President Bola Tinubu has promised to honour all the foreign exchange obligations that Nigeria has entered into through forward contracts.
Forward contracts are financial agreements where two parties agree to exchange a specified amount of one currency for another currency at a predetermined future date and exchange rate.
The Central Bank of Nigeria (CBN) initiated agreements with Nigerian businesses to sell forward contracts, which essentially promised the businesses a fixed amount of dollars at a predetermined price in the future. These contracts allowed the businesses to open Letters of Credit (LCs), which are a form of payment guarantee issued by banks on behalf of the importers.
With the assurance of receiving the promised dollars from the CBN, the businesses utilized these LCs to import goods from foreign suppliers. The expectation was that when the goods arrived, the CBN would release the dollars to the importers, allowing them to fulfill their payment obligations to the suppliers. This system ensured a smooth flow of imports and facilitated international trade for Nigerian businesses.
However, since February 2023, the CBN has been unable to fulfill its promises and has not provided the businesses with the dollars they were allocated under the forward contracts. As a result, there is now a significant backlog of approximately $3 billion owed to these businesses. This means that the businesses are unable to fulfil their obligations to their foreign suppliers, leading to disruption in the supply chain and potentially damaging their relationships with international partners.
The consequences of the CBN’s failure to meet its commitments are not limited to domestic businesses alone. Foreign investors also have a substantial backlog of approximately $10 billion owed to them by the CBN. This impacts the confidence and trust of foreign investors in the Nigerian economy, potentially deterring future investments and harming economic growth.
Moreover, the shortage of foreign exchange liquidity resulting from this failure has forced the CBN to suspend various transactions. These include payments for school fees and Personal Travel Allowance (PTA) applications, causing inconvenience and financial difficulties for individuals who rely on these services.
Overall, the CBN’s failure to fulfil its promises has had significant financial consequences for the businesses involved, leading to a backlog of owed payments and disruptions in international trade relationships. This has also negatively impacted the broader economy’s stability, with suspended transactions and a potential decrease in foreign investor confidence. Resolving this issue and restoring trust in the CBN’s ability to honour its commitments will be crucial for the recovery and growth of the Nigerian economy.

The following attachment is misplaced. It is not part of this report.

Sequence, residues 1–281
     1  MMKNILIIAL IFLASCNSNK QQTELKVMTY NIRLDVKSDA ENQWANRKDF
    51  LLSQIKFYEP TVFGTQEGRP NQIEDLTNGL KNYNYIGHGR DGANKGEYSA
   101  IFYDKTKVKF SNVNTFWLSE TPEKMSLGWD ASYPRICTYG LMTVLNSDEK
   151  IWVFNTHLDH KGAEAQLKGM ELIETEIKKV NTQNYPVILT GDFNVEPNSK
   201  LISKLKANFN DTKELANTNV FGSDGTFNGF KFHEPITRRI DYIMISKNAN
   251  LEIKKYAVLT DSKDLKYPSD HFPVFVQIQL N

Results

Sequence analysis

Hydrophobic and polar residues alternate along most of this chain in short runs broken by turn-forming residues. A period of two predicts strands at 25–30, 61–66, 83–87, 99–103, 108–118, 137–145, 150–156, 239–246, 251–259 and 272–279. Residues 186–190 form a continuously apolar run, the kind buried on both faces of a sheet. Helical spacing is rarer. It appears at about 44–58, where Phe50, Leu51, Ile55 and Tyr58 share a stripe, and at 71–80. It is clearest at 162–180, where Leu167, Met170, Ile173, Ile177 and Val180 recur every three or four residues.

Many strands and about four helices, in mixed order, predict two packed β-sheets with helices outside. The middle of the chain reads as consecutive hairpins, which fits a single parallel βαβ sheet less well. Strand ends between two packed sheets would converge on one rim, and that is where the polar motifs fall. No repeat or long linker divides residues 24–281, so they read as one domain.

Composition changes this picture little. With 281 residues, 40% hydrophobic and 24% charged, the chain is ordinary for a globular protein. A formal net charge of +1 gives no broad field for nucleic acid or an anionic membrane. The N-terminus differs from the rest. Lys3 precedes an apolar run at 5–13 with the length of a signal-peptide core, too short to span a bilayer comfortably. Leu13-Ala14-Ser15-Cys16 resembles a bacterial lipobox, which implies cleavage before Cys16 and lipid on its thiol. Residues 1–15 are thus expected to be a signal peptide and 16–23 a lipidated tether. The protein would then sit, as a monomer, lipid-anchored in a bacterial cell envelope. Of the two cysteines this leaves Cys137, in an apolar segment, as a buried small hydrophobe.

To address this huge Forex backlog, President Bola Tinubu at the 29th edition of the Nigeria Economic Summit Group (NESG) announced that “consistent with our commitment to enshrining fairness and the rule of law in our country, this government will uphold the sanctity of every legitimate contract.
He said: “Specifically, as it relates to foreign exchange obligations of the government, all forward contracts that the government has entered will be honoured and a framework has been put in place to ensure that these obligations are met in due course.”
Tinubu also disclosed that a framework has been established to ensure that the government meets its foreign exchange obligations as stipulated in the contracts.
An official of the Central Bank of Nigeria (CBN) who was at the event said, “This framework will likely include policies, procedures, and financial resources to ensure the obligations are met as agreed upon.”
The president in his address to the NESG, said there must be consumer credit, adding that the scheme would have to come to effect as soon as possible.
He said: “I task my team and my colleagues to build this programme and develop it now. We cannot talk about anti-corruption when you have to look for cash to buy a car when there’s no mortgage for homeownership.
“Where do you expect a civil servant to have N3 million or N5 million for housing without corruption? If you don’t change and plan the welfare of your judiciary and you ask them to be fair, render justice with mercy, with a hungry stomach.
Tinubu noted that Nigeria aims to achieve a $1 trillion economy by 2026 and $3 trillion within this decade through sustainable and competitive growth.